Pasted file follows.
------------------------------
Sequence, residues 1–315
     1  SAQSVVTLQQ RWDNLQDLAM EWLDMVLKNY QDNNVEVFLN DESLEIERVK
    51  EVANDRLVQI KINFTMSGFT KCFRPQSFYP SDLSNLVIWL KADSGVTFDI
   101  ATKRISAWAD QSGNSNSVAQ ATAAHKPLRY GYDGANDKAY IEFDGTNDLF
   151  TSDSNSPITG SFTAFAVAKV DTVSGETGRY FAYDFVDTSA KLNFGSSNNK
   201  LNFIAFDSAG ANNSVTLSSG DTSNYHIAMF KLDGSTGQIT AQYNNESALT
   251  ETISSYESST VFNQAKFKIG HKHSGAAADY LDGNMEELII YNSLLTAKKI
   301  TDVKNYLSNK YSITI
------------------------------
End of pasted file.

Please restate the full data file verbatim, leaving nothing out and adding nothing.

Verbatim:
Sequence, residues 1–315
     1  SAQSVVTLQQ RWDNLQDLAM EWLDMVLKNY QDNNVEVFLN DESLEIERVK
    51  EVANDRLVQI KINFTMSGFT KCFRPQSFYP SDLSNLVIWL KADSGVTFDI
   101  ATKRISAWAD QSGNSNSVAQ ATAAHKPLRY GYDGANDKAY IEFDGTNDLF
   151  TSDSNSPITG SFTAFAVAKV DTVSGETGRY FAYDFVDTSA KLNFGSSNNK
   201  LNFIAFDSAG ANNSVTLSSG DTSNYHIAMF KLDGSTGQIT AQYNNESALT
   251  ETISSYESST VFNQAKFKIG HKHSGAAADY LDGNMEELII YNSLLTAKKI
   301  TDVKNYLSNK YSITI